The closing of this stage of the News Challenge prompted some analysis from Knight (including this graphic representation) and from other industry observers on the program’s impact. Neiman Lab’s Joshua Benton blogged: “The entrepreneurial spirit that the News Challenge tried to bring to journalism is far further along, and more players—nonprofits, tech companies, venture capitalists, lean startups, and even those old warhorses in the traditional media—are more willing to try new strategies, throw out old workflows, and build new products and tools.” Poynter Institute’s Jeff Sonderman wrote how News challenge “pushed new approaches for journalism: Crowdfunding, the hacker-journalist, data as news and citizen journalism.”

Knight has suggested the program will reemerge in a new form and is openly seeking input on the News Challenge’s future direction. Observers on hand for the latest round of winners tweeted news, for instance, that the program might speed up its funding cycle by going quarterly instead of annual, and might also earmark a portion for a venture fund.

Check out a full list of this year’s grantees.

The News for Digital Journalists blog is made possible by a grant to USC Annenberg from the John S. and James L. Knight Foundation.

January 06, 2012

U.S. Census: old American FactFinder is retiring, update your deep links!

For a dozen years American FactFinder has been a top online tool for accessing and presenting U.S. Census data. Today announced that it’s finally discontinuing the legacy version of this site, and moving fully to the new version of American FactFinder.

If your site has existing deep links to the original American FactFinder, you’ll need to update them this month to keep them working. Here’s how you can do that…

The legacy American FactFinder site will retire on Jan. 20. At that point, existing deep links to database queries will no longer work. To keep them working, you’ll have to replace them with links to the same queries in the new American FactFinder.

Unfortunately, there doesn’t appear to be an “update” or “conversion” process for AFF links per se. You’ll probably have to simply redo your queries in the new AFF, generate a new deep link for each, and update your site with that link. This could be a bit of a hassle, but for important content it’s probably worth the effort.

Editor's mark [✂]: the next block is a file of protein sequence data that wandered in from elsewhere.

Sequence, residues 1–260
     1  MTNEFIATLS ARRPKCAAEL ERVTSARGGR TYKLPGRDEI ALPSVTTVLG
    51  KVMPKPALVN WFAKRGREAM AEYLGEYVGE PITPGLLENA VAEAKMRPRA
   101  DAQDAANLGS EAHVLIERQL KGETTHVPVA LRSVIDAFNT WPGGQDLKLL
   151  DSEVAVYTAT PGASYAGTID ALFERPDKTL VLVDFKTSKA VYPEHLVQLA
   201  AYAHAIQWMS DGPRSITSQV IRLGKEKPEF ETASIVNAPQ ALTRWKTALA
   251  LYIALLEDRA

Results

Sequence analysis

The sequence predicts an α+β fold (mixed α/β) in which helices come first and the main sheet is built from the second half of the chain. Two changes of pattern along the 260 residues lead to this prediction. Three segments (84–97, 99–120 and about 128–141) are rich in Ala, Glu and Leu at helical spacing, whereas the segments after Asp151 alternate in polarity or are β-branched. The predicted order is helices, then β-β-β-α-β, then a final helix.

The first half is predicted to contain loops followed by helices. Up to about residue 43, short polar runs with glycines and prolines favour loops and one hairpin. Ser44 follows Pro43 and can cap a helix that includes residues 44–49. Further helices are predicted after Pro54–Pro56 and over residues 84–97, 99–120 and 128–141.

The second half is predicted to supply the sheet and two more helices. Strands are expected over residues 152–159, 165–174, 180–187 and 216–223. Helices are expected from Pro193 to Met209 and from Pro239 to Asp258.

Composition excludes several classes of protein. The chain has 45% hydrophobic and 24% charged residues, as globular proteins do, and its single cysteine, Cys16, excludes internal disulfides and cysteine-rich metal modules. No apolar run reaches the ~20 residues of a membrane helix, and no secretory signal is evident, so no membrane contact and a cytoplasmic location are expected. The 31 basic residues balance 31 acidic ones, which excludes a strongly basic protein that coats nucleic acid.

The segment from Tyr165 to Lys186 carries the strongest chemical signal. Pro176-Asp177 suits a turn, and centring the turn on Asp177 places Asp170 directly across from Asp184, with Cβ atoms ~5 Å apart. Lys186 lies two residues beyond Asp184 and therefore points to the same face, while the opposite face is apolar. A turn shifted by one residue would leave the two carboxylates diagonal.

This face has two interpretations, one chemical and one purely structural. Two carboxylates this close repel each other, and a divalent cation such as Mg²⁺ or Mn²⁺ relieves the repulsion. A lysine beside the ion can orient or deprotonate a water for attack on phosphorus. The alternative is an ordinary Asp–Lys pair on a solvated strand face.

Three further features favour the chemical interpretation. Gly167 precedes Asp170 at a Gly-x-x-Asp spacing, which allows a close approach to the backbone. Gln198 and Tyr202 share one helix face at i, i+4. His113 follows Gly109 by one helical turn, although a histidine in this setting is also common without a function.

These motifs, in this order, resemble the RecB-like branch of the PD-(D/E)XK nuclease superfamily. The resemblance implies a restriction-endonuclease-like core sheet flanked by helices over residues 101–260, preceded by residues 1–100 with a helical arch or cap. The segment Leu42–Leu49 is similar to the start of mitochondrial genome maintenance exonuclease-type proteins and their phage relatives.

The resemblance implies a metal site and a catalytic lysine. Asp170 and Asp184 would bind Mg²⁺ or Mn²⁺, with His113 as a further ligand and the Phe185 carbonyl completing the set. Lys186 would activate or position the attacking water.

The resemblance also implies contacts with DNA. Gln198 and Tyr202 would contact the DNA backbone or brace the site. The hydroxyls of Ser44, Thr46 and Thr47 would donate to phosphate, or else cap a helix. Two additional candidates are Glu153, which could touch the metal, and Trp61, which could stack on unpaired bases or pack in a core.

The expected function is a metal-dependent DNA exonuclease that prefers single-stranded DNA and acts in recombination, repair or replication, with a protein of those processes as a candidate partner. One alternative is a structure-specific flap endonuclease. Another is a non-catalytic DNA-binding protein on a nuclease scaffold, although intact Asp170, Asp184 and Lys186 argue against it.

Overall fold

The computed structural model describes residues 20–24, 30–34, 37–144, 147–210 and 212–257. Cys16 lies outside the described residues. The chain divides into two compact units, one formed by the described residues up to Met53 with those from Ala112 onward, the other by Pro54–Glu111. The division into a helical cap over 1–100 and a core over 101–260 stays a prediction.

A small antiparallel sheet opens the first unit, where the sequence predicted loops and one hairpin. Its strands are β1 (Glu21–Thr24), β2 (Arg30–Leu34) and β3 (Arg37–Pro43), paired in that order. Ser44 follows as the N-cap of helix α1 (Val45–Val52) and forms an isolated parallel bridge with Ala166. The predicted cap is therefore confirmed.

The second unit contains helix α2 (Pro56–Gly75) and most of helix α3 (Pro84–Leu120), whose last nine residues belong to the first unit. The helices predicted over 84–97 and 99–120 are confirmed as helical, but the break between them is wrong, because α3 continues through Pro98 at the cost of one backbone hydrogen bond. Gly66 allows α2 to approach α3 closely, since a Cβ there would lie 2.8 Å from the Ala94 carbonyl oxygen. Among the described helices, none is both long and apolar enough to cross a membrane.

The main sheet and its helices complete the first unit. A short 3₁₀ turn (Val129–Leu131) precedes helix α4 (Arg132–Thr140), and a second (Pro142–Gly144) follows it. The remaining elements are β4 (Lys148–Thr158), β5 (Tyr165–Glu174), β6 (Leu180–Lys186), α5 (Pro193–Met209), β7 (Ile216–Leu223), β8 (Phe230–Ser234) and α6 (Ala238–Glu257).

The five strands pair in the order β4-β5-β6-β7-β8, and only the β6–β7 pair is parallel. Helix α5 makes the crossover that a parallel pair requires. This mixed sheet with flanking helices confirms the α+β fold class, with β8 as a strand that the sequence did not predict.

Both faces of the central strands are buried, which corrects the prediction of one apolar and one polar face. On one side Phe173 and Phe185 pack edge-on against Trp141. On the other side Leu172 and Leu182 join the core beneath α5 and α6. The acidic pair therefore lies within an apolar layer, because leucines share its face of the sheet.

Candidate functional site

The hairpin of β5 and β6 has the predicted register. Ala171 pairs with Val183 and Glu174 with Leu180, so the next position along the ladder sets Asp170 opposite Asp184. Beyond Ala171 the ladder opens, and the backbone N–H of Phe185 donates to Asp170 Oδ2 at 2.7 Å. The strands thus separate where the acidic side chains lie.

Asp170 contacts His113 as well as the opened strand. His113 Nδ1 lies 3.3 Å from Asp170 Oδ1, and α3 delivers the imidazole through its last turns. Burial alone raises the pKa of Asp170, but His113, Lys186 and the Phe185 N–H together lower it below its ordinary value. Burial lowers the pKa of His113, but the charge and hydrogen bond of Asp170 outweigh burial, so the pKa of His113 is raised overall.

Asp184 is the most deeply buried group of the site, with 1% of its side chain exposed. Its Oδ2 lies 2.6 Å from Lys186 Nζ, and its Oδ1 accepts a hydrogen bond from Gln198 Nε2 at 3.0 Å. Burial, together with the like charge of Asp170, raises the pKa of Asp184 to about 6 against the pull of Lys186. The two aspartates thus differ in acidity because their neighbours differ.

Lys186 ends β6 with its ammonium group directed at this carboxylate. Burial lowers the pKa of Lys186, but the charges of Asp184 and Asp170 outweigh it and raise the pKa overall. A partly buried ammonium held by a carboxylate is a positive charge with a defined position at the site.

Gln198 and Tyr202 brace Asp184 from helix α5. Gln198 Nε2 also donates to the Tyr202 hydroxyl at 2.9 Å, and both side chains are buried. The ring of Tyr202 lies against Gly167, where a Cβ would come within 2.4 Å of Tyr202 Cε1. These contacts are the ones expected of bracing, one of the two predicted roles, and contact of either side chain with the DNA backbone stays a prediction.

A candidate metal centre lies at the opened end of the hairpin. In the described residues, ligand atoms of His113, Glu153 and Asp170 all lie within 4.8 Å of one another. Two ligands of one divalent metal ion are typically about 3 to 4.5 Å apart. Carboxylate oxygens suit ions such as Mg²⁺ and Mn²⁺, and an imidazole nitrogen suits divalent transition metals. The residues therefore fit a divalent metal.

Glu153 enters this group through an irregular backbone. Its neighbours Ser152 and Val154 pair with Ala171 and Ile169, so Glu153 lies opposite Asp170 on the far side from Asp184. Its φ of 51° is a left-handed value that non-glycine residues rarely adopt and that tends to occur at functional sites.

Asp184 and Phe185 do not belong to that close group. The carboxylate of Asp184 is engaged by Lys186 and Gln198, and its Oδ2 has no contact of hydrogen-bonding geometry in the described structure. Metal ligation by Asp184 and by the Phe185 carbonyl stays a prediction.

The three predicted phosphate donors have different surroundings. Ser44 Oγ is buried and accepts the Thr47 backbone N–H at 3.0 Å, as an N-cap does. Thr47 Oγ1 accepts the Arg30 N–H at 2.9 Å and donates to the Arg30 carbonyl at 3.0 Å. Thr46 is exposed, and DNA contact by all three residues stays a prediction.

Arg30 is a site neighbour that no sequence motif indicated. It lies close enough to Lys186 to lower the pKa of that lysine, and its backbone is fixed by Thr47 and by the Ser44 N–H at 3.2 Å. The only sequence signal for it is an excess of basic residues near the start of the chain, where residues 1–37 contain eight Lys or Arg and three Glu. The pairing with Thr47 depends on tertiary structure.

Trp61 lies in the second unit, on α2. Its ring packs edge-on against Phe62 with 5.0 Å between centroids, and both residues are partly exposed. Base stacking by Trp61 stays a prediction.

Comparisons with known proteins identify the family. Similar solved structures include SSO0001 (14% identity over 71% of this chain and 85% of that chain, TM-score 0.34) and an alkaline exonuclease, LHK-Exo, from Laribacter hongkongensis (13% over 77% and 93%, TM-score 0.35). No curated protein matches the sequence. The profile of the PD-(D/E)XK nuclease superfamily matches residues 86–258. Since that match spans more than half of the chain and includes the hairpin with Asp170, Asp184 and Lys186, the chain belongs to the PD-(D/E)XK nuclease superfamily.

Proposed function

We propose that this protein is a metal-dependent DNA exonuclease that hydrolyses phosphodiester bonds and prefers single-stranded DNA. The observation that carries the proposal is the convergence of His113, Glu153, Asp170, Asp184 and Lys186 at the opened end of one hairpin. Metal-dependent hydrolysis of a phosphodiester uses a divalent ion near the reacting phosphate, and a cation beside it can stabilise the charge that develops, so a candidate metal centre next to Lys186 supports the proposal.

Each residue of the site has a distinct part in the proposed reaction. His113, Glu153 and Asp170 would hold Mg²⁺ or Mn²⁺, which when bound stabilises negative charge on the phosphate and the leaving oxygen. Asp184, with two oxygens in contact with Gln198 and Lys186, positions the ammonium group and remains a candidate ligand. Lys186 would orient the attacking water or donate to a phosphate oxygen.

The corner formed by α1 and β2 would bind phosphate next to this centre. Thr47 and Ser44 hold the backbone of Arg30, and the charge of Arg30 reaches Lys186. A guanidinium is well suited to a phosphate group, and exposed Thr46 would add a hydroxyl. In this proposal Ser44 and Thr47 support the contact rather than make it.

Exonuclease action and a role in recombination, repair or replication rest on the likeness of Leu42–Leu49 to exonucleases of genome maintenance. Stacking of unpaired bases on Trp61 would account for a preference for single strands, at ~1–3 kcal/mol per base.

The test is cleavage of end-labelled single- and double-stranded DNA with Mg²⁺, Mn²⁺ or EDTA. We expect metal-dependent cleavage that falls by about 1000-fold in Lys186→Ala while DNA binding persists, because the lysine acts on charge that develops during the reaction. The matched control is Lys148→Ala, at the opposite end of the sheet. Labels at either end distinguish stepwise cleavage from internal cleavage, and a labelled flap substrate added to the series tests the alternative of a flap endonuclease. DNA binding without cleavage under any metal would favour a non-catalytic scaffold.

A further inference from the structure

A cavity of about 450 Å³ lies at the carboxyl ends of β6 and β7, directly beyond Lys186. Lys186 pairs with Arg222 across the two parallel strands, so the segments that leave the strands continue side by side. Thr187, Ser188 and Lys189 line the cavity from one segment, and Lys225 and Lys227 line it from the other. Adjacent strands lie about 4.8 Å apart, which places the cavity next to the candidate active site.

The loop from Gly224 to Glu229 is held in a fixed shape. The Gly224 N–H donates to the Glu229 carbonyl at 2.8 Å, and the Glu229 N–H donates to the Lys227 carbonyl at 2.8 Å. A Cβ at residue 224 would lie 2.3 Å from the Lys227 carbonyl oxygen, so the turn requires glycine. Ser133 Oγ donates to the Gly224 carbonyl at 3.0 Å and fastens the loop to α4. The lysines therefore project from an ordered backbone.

See the guide for building deep links in the new AFF.

Not all datasets in the new AFF will be available for deep linking. According to, you won’t be able to link to these historical datasets:

  • 1990 Census
  • 2000-2004 American Community Survey
  • 2000-2001 Supplementary Survey
  • 1997 Economic Census
  • 2003 Annual Survey of Manufactures
  • 2003 Nonemployer Statistics

The News for Digital Journalists blog is made possible by a grant to USC Annenberg from the John S. and James L. Knight Foundation.

February 03, 2012

FreeDive: new searchable online database tool from KDMC-UCB

Today the Knight Digital Media Center at the University of California-Berkeley released a simple tool to make data searchable on the web…

FreeDive uses the Google Visualization API to generate a widget that can be embedded in a website. To use it, post your data online in a Google Spreadsheet. Then, configure your widget and link it to the spreadsheet.

Within your widget, people can search your dataset, view a table of results,  filter those results, and click on column labels to sort the table. Widget users cannot save or print results, however.

The News for Digital Journalists blog is made possible by a grant to USC Annenberg from the John S. and James L. Knight Foundation.

March 15, 2012

New campaign finance transparency tool focuses on issues

This week MapLight launched a new resource for tracking how political campaign contributions influence legislation: Topic Pages, which focus on specific issue areas such as natural resources or education…

With this tool you can search for and federal track bills by issue area in the U.S. Congress, as well as bills in two states (California and Wisconsin). This resource combine all of MapLight’s data related to these topics, with several subtopics under each heading:

  • Budget and economy
  • Business and labor
  • Culture and social issues
  • Defense, national security and foreign policy
  • Education
  • Government affairs
  • Health and welfare
  • Legal affairs
  • Natural resources
  • Science, technology, communications and infrastructure

Each topic page highlights:

  • MapLight’s latest research findings by issue area
  • Industry groups supporting or opposing issue specific legislation
  • Legislators who receive campaign contributions from interests associated with the issue area
  • Industry-specific bills with campaign contributions given by supporting and opposing interests

MapLight also offers an embeddable widget for each topic page, which will display on your site the latest activity surrounding the issue of your choice.

Campaign contribution data comes from the Center for Responsive Politics. Legislative data from

The News for Digital Journalists blog is made possible by a grant to USC Annenberg from the John S. and James L. Knight Foundation.